Iraq has taken in 192 families from Syria’s al-Hol camp that houses persons accused of having links to the Islamic State (ISIS), an Iraqi member of parliament told the Kurdish Rudaw news agency on Nov. 12. A total of 780 individuals were returned to Iraq and will be placed in al-Jadaa Center for Community Rehabilitation in Nineveh province, acording to the report. The MP said the families will stay in al-Jadaa camp until they are given clearance from the Interior Ministry to return to their homes and issued identification documents.
Al-Hol camp is located in northeast Syria’s Hasaka province and houses over 50,000 supposedly ISIS-linked persons. The group of Iraqis who left the camp on Nov. 11 traveled in buses with heavy security measures in place, according to the UK-based war monitor Syrian Observatory for Human Rights (SOHR). To date, Iraq has repatriated a total of 1,559 families, numbering 6,987 individuals, to al-Jadaa from Syria. The majority originally come from Iraq’s western Anbar province. Over half of the people in al-Jadaa camp are female, and well more than half are under 18 years of age.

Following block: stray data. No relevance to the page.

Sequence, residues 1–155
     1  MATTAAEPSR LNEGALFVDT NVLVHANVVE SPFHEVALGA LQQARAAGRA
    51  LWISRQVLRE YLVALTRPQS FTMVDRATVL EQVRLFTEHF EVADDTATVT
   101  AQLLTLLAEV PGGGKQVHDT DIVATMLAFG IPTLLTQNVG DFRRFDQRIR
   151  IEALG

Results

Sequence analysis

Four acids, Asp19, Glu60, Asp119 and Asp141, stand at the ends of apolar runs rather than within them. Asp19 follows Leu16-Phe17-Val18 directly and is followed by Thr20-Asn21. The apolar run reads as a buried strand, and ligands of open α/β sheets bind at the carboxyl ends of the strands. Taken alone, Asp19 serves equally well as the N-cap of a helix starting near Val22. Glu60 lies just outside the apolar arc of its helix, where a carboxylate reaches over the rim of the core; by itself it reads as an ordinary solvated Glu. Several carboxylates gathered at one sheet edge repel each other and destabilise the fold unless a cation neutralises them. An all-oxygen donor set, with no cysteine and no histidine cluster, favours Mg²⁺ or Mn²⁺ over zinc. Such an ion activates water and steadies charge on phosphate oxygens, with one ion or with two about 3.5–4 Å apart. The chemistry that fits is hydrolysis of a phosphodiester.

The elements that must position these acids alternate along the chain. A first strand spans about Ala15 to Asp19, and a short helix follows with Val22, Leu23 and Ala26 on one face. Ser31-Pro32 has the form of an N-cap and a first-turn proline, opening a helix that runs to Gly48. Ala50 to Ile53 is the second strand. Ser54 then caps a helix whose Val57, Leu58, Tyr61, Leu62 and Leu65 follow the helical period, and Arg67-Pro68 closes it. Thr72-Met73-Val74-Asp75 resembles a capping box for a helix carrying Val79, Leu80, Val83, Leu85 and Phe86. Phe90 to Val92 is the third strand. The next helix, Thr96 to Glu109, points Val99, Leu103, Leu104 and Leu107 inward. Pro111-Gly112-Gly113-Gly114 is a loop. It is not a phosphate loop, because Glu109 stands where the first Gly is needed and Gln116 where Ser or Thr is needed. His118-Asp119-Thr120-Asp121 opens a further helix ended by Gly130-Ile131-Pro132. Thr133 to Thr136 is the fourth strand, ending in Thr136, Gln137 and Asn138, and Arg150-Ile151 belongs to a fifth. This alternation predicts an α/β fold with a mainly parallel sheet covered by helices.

The repatriation of ISIS-linked citizens has sparked opposition in Iraq, with tribes unwilling to accept and welcome people accused of association with the extremist group.
Iraq has also brought home men accused of having fought for ISIS. Foreign Minister Fuad Hussein told US officials in June that Baghdad had returned some 3,000 former ISIS fighters who had been detained in Syria. Most have been put on trial. The fighters had been held by the Kurdish-led Syrian Democratic Forces (SDF), which oversees the camp at al-Hol.